Religious TV channel Loveworld UK has been fined £25,000 by Ofcom for broadcasting unsubstantiated conspiracy theories about the Covid-19 pandemic and the vaccine.
The channel was found to have breached the broadcasting watchdog’s rules two times already this year, with a previous fine of £125,000 being filed in March.
This latest incident regards two episodes of their daytime current affairs show Full Disclosure from February 11 and 12.
During the programme, the presenters ‘made a number of unevidenced, materially misleading and potentially harmful statements about the coronavirus pandemic and vaccines’, said Ofcom.
Leading the programme is Christian Kitoko alongside a rotating panel of presenters.
Among the false claims made on the channel are that the coronavirus vaccine makes you feel as ill as the actual illness and that there are serious side effects and medical complications that can result from the jabs, though trials have shown the vaccines to be safe and effective.
Since the start of the vaccine rollout, almost 49 million people in the UK have received at least one dose of the Covid-19 vaccine, of which 45 million (that’s 67% of the population) got both doses.
Meanwhile, since the start of the pandemic, the UK has seen almost 8 million cases and 137,000 deaths, with 166 people dying yesterday alone, the majority being unvaccinated individuals.
Ofcom did not deny Loveworld UK or any other broadcaster the right to discuss and scrutinise the Government’s public health response to the coronavirus pandemic and the effects of the vaccine, being in the public interest to do so.
‘However, Loveworld’s presentation of misleading claims without sufficient challenge or context risked causing serious potential harm to viewers, at a time when people were particularly likely to be seeking reliable information relating to the UK’s vaccination programme,’ said Ofcom, labelling the rule breaches ‘serious’.
A spokeswoman for the office told PA: ‘Broadcasters have editorial freedom to debate the response to coronavirus – including the vaccination programme.
‘However, unproven claims must be put into sufficient context, and our investigation found that these programmes contained harmful, unevidenced statements.
‘We consider this a serious breach of our rules and have today sanctioned Loveworld by imposing a financial penalty of £25,000.’
Ofcom previously noted how they are currently prioritising cases and complaints related to coronavirus as they could cause potential harm to viewers.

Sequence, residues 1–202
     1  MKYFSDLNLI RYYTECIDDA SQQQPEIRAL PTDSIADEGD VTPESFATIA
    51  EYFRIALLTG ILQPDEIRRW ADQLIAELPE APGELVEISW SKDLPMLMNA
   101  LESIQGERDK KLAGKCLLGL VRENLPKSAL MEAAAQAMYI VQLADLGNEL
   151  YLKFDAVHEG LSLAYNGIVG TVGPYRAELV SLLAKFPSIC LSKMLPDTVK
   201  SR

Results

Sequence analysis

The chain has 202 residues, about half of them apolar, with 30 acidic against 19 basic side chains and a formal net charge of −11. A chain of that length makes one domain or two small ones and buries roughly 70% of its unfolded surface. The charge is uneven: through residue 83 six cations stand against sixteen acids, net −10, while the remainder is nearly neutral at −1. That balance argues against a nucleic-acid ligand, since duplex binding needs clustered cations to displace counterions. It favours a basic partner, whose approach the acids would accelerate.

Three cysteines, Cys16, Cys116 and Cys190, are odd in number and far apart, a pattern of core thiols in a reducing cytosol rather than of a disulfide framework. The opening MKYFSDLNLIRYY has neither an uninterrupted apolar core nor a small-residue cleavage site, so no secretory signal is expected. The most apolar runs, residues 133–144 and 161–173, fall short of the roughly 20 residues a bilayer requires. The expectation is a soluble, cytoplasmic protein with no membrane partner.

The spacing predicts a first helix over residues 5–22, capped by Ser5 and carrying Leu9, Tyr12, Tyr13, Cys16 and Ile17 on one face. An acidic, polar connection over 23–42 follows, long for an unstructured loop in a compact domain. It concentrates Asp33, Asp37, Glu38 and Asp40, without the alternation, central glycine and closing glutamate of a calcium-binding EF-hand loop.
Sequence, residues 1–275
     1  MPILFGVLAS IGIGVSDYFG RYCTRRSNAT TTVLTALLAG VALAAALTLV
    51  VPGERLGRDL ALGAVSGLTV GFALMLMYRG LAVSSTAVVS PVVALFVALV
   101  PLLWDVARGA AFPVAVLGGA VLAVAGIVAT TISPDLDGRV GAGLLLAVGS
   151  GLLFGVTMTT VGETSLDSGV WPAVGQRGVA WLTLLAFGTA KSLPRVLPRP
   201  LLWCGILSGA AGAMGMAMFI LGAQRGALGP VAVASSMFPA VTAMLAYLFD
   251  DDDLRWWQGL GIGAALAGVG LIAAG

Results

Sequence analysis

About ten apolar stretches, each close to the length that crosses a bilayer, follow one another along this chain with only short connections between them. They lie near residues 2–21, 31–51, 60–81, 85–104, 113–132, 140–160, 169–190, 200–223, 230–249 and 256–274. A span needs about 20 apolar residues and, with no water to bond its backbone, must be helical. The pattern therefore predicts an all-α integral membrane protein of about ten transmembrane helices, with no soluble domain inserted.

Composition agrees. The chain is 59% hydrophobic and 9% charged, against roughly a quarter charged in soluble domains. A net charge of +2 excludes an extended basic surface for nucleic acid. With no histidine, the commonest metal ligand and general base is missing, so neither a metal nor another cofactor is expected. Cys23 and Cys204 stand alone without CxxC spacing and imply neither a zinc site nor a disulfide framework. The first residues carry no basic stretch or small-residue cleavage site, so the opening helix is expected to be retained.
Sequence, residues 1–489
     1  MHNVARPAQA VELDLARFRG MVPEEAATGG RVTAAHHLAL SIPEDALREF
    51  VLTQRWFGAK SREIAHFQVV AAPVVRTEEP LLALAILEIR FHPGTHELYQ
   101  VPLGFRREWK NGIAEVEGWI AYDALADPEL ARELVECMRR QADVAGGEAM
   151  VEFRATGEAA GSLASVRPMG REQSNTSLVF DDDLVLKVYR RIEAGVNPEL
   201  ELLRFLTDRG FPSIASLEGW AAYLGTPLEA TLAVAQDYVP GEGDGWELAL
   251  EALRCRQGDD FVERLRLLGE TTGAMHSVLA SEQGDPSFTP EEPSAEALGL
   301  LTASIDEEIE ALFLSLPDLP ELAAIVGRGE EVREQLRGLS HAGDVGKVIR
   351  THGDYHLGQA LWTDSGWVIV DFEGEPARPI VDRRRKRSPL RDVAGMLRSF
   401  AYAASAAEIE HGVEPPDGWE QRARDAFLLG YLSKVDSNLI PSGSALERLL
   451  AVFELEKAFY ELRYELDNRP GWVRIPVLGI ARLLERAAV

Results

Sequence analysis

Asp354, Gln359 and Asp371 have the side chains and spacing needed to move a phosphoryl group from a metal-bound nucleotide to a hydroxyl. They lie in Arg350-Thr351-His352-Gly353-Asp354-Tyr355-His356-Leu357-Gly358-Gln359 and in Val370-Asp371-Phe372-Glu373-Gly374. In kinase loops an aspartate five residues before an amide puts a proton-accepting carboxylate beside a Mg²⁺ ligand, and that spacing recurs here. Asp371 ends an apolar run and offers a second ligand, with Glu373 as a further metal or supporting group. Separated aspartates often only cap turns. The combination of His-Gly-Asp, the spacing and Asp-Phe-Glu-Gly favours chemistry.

Loveworld UK’s offering of programmes is of an Evangelical Christian denomination.
‘Through our programming, we are able to display Godly values and help the everyday Christian live a life of value and meaning,’ they state on their Facebook page, which has 38,000 likes.
What is Ofcom and what does it cover?
Ofcom is the regulator for the communications services that we use and rely on each day.
The watchdog makes sure people get the best from their broadband, home phone and mobile services, as well as keeping an eye on TV and radio.
Ofcom deals with most content on television, radio and video-on-demand services, including the BBC. However, if your complaint is about something you saw or heard in a BBC programme, you may need to complain to the BBC first.
Its rules for television and radio programmes are set out in the Broadcasting Code.
The rules in the Broadcasting Code also apply to the BBC iPlayer.
This Broadcasting Code is the rule book that broadcasters have to follow and it covers a number of areas, including; protecting the under-18s, protecting audiences from harmful and/or offensive material and ensuring that news, in whatever form, is reported with due accuracy and presented with due impartiality.
Audiences can complain to Ofcom if they believe a breach of the Broadcasting Code has been made.
Every time Ofcom receives a complaint from a viewer or listener, they assess it to see if it needs further investigation.
If Ofcom decide to investigate, they will include the case in a list of new investigations, published in the Broadcast and On Demand Bulletin.
An investigation is a formal process which can take some time depending on the complexity of the issues involved.
Ofcom can also launch investigations in the absence of a complaint from a viewer or listener.